If you’re looking to lock up some long-term debt, you should probably look no further than Fannie Mae and Freddie Mac.

All-in rates from the government-sponsored enterprises (GSEs) continue to plummet and have now reached historic lows. Standard 10-year deals were being quoted in the mid-4 percent range, with seven-year loans closer to 4 percent, and five-year deals hovering around 3.5 percent as of late August.

“Those rates are down about 50 basis points just in the last month,” says Don King, head of agency lending for Needham, Mass.-based CWCapital. “Spreads have tightened a little bit, but the real movement has been the Treasury.”

Indeed, on the 10-year Treasury bill, which is used as a benchmark for setting 10-year interest rates, yields were 3 percent at the beginning of August but have since fallen closer to 2.5 percent.

And it’s not just rates that have improved. In the second quarter, the GSEs began loosening up some underwriting parameters—most notably by offering interest-only (IO) terms again—after two years of continual tightening. For instance, CWCapital recently locked a 4.3 percent rate on a 10-year deal with full-term IO at 70 percent leverage, something that couldn’t have happened six months ago.

While Freddie Mac was more aggressive in the first half of the year, the pendulum has swung back to Fannie Mae in the last month. In fact, Fannie Mae made some changes in the second quarter—both technical and organizational—that seem to be paying dividends.

First, the company lowered its underwriting floors on some executions, which made them much more competitive on some deals. An underwriting floor is a tool for sizing loans, and at one point earlier in the year, Fannie’s floor on seven-year deals was 90 bps higher than Freddie’s—meaning it offered much lower proceeds than its chief competitor.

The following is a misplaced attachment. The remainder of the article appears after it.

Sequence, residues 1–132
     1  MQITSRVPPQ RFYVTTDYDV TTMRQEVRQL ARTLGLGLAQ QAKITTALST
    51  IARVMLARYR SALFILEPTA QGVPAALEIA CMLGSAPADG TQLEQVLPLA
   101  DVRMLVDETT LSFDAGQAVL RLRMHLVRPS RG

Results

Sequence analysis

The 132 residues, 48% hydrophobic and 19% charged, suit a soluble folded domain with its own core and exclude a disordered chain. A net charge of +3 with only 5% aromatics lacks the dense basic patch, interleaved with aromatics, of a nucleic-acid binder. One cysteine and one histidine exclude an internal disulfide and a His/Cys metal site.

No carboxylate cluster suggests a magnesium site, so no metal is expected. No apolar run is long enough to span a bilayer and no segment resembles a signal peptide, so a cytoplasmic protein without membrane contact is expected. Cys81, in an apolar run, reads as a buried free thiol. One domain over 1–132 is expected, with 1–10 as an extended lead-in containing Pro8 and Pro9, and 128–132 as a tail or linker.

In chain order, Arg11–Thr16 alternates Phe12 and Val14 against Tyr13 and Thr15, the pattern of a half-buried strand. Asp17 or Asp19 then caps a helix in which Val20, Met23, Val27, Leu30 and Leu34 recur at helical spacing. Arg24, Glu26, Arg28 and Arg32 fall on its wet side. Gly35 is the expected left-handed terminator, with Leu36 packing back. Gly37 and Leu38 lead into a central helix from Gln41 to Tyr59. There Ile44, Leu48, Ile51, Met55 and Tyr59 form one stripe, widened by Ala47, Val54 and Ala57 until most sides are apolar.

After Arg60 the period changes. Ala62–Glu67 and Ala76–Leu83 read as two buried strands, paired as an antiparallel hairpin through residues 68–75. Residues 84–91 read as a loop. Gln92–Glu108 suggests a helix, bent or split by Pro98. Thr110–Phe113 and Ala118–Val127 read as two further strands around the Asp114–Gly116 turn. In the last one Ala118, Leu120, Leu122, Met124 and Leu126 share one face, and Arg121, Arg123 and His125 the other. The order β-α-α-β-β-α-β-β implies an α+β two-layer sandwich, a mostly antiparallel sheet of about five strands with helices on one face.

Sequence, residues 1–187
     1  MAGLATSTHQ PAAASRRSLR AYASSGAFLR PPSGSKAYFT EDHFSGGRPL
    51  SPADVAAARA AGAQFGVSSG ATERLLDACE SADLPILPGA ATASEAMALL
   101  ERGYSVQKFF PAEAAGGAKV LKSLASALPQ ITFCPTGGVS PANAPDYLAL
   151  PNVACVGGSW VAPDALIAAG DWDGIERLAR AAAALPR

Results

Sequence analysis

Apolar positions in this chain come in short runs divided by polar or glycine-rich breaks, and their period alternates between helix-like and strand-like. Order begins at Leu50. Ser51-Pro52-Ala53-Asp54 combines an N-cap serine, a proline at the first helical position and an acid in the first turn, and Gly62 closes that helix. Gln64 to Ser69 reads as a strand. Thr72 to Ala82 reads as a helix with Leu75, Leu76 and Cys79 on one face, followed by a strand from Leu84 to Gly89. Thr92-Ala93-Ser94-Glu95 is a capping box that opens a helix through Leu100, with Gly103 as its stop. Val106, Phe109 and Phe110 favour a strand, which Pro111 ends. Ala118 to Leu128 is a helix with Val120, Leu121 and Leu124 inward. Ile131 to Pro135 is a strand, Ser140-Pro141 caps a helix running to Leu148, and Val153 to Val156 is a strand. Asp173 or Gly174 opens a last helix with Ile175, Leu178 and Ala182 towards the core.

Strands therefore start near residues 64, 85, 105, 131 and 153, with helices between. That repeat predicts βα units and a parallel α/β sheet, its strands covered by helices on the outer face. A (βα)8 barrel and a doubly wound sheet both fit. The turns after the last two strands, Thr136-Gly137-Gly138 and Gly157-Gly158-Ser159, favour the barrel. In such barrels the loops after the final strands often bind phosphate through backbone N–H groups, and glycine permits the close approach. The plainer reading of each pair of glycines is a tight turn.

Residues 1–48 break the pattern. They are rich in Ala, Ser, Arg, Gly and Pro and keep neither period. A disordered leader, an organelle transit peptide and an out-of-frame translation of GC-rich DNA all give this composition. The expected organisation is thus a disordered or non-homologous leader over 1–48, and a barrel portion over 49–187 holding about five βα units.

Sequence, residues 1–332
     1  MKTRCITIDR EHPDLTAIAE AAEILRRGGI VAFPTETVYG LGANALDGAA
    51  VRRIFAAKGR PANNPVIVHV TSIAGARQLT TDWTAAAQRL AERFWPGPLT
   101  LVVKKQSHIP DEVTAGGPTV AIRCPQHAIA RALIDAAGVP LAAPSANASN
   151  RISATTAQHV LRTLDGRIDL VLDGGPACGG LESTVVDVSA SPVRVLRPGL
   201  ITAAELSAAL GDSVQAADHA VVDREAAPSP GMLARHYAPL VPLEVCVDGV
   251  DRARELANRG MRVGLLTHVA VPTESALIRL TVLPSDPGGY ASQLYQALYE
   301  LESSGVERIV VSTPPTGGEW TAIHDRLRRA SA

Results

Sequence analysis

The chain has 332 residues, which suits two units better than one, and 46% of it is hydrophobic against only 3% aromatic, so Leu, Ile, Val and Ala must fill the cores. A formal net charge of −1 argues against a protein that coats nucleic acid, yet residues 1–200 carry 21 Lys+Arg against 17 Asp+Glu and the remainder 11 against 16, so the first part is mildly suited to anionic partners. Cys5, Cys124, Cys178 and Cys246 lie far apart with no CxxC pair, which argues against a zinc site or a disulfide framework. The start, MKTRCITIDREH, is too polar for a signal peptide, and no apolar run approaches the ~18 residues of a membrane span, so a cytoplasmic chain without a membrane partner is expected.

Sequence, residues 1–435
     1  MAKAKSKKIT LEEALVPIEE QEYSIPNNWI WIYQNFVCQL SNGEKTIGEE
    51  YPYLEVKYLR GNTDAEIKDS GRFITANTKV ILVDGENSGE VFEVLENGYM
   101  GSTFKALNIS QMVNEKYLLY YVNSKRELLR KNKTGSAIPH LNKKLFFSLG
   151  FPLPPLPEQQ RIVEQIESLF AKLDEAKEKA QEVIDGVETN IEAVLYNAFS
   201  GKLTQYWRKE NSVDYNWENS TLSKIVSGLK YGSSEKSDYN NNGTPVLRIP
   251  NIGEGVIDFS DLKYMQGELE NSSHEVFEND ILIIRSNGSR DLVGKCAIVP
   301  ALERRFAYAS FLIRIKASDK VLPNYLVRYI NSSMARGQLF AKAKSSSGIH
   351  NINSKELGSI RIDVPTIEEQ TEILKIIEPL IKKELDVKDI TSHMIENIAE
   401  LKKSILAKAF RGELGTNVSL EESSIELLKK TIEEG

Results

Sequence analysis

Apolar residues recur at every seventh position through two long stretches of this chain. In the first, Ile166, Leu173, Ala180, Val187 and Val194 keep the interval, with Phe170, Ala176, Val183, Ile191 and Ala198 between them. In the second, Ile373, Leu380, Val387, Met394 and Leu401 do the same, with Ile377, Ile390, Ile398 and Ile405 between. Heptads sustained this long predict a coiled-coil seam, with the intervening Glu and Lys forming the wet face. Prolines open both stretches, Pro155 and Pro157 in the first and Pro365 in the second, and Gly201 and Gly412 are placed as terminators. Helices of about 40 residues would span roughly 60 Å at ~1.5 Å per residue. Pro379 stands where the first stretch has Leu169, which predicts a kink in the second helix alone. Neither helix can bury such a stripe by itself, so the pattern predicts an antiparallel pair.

But Fannie also reorganized its multifamily division earlier this year, in part to address a long-standing weakness. Freddie Mac has always been very good at assessing an individual deal based on its own merits, whereas Fannie Mae often painted weak markets with a broad brush. Good assets stuck in a bad market, even those that consistently outperform that market, would often see much more favorable deals from Freddie Mac.

But in separating the multifamily division into two channels—one that works on borrower relationships, and the other focused on its network of lenders—the company has changed its approach. “Fannie is now taking a very hard and individual look at each piece of business,” King says. “Earlier in the year, they weren’t quite as good at doing that.”

Last year, CWCapital did about $1.3 billion in its agency business (which includes Federal Housing Administration business), and this year, the company expects to top that mark.

In early July, Fortress Investment Group announced its intention to buy CWCapital, a sale that’s expected to close within the next week. Since then, CWCapital and its new parent have been working on ways to further grow its agency lending business, and expects to announce some new programs later this year.